Snipcart Integration with Webpack Powered Spike

It is time once again to show you how to easily integrate our shopping cart platform Snipcart into your projects. In this tutorial we'll play with the awesome static website generator that is Spike. It has been developed by the guys behind a lot of really nice web projects at Carrot Creative, so it's worth taking a look!

Let's get started with the ecommerce integration. If flexibility is what you’re after, then you’ll find yourself very pleased with a Spike + Snipcart combination for your online store.

For this tutorial, all you need is a Snipcart account (free in test mode). That’s it, that’s all!

How’s that? It’s because Spike is based on a simple ideology: "Out of the box, Spike will just take standard html, css, and js files and copy them over without any modification. It is up to you to build your ideal system out of plugins that transform your content."

In other words, it's a thin layer that leverages different "ecosystems" such as webpack, to bundle and generate a static website. You’re the one in charge of defining the build process. Luckily enough, Spike makes the whole process feel quite natural. This way, you can easily start with a beginner build without having to worry about losing any extensibility that might be required if you were to complexify your integration.

Now let’s get started. First, you’ll have to install Spike with the following command: npm install -g spike.

Next, you can use Spike's default template for our project using the following scaffolding command: spike new spike-snipcart.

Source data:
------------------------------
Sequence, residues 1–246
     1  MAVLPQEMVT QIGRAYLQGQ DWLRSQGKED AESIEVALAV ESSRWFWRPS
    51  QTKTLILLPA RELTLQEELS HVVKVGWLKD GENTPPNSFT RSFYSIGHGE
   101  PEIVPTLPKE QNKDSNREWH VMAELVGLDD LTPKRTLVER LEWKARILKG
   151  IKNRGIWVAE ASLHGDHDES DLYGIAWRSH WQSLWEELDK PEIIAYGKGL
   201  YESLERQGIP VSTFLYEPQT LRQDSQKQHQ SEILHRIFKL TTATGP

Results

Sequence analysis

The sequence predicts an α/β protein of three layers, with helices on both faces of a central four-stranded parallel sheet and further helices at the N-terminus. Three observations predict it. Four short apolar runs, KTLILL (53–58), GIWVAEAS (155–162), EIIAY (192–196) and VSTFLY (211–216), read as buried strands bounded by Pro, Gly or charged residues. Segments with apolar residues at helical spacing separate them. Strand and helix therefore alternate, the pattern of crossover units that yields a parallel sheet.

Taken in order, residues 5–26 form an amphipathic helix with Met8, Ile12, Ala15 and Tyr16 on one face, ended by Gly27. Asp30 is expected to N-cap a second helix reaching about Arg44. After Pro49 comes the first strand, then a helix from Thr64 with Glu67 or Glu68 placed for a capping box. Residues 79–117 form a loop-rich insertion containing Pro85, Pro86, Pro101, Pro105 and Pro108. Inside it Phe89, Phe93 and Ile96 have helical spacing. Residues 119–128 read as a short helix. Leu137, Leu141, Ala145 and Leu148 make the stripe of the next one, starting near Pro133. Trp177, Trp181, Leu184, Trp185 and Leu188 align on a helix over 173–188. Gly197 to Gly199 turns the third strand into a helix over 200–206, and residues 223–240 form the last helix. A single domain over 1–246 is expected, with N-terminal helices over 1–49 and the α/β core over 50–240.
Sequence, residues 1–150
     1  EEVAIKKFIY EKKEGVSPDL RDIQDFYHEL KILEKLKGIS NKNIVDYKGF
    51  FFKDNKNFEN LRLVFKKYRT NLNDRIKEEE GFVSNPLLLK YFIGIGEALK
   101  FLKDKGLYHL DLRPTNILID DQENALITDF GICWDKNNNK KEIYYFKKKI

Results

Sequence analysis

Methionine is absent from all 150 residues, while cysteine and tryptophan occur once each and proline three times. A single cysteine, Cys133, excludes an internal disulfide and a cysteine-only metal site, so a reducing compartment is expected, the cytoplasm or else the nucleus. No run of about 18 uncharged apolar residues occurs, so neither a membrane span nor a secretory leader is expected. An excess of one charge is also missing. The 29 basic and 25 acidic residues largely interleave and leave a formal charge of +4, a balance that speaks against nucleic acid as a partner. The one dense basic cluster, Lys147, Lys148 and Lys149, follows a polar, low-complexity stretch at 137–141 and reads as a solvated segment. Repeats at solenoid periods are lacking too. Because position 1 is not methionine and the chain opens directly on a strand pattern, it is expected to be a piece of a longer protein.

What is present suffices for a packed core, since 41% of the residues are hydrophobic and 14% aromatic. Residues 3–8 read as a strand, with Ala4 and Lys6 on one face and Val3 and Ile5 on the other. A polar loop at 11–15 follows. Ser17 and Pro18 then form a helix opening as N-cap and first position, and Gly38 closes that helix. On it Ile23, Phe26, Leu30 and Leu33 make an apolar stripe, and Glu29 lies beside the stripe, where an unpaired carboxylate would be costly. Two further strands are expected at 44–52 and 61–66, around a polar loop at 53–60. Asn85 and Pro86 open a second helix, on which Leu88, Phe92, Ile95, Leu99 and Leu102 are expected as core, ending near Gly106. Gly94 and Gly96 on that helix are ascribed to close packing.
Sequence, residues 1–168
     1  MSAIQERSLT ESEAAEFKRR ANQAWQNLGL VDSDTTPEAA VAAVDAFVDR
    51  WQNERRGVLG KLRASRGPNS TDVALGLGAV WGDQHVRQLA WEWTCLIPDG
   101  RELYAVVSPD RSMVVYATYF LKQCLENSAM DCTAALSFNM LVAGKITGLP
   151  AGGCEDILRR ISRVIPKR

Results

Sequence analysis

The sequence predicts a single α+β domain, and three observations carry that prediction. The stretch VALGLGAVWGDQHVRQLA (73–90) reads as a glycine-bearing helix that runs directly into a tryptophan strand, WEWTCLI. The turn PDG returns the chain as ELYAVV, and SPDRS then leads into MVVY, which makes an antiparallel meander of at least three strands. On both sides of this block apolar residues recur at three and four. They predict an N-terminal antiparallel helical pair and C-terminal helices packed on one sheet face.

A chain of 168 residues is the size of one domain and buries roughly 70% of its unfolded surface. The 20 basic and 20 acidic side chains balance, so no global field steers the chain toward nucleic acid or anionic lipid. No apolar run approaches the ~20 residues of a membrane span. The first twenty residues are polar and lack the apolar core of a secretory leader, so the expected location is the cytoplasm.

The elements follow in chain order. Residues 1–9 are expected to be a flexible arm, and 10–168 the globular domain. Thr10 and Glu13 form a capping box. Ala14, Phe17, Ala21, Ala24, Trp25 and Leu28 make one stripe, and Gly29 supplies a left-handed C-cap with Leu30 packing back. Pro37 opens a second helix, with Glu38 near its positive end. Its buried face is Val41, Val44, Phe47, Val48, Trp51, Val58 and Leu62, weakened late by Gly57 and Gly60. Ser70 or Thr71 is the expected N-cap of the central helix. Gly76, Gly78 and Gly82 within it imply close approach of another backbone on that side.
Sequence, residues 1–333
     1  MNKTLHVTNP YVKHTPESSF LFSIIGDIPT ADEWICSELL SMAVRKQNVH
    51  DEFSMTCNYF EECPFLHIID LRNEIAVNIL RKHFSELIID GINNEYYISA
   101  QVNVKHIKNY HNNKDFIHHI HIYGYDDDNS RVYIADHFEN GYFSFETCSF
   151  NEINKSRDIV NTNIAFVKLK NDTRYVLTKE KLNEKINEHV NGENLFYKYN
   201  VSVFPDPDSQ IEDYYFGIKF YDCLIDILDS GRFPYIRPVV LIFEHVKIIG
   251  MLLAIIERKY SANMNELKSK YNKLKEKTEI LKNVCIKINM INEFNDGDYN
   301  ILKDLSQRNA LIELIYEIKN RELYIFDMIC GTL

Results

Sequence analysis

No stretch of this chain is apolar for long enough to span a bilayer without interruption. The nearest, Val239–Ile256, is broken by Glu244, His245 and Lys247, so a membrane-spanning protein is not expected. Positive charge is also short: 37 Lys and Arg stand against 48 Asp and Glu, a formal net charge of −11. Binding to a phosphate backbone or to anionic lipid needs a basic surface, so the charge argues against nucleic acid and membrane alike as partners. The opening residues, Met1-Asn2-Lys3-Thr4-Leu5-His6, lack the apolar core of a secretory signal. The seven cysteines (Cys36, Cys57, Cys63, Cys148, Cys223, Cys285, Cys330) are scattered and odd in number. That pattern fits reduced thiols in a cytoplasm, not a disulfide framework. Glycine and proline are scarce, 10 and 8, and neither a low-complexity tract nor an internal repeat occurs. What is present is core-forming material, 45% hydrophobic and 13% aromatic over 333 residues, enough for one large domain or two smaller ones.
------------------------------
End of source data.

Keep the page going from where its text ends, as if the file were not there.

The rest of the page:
If you plan on building and deploying your website on a VM, you’re also going to have to add Spike as a dependency with npm install --save spike.

1. Declaring the products

Before we can move forward, we’re going to create our products. For this demo, we’ll keep it simple and won't be using any external data. That being said, we still don’t want to input it directly into our views. To achieve this, we’ll create a data folder within our assets folder. From there, we’ll declare a new folder called products with the index.js file containing the following:

module.exports = [
    {    
        name: 'The Revolver',
        price: 15,
        description: 'Easy to carry, perfect while roaming.',
        sku: '1',
        image: 'https://snipcart.com/media/10191/nerf-1.jpg'
    },
    {    
        name: 'The Heavy Duty',
        price: 65,
        description: 'Spray and pray.',
        sku: '2',
        image: 'https://snipcart.com/media/10192/nerf-2.jpg'
    },
    {    
        name: 'The One Hit Wonder',
        price: 70,
        description: 'One shot, one opportunity',
        sku: '3',
        image: 'https://snipcart.com/media/10193/nerf-3.jpg'
    }
]

2. Tweaking our app.js

Now that we have the data, we’re going to have to inject it into our pages so that we can actually use it. To do this, we’ll have to go to our app.js file and use the following declaration to load it: const products = require('./assets/data/products/index.js')

Then, we’re going to use the following reshape declaration to inject our products into the locals variable, just like this:

reshape: htmlStandards({
  locals: (ctx) => { return { products: products } }
})

3. Creating our views

Now that we’ve got access to products in our views, let's use it! To keep this demo simple, we’ll wipe out the default index.sgr page and create a new one, which we’ll use to display our products instead.

This is what it’ll look like:

extends(src='layout.sgr')
  block(name='content')
    div(class='columns')
      each(loop='product of products')
        div(class="column")

          img(src="{{ product.image }}" alt="{{ product.name }}" class="thumbnail product_image")
          div(class="title") {{ product.name }}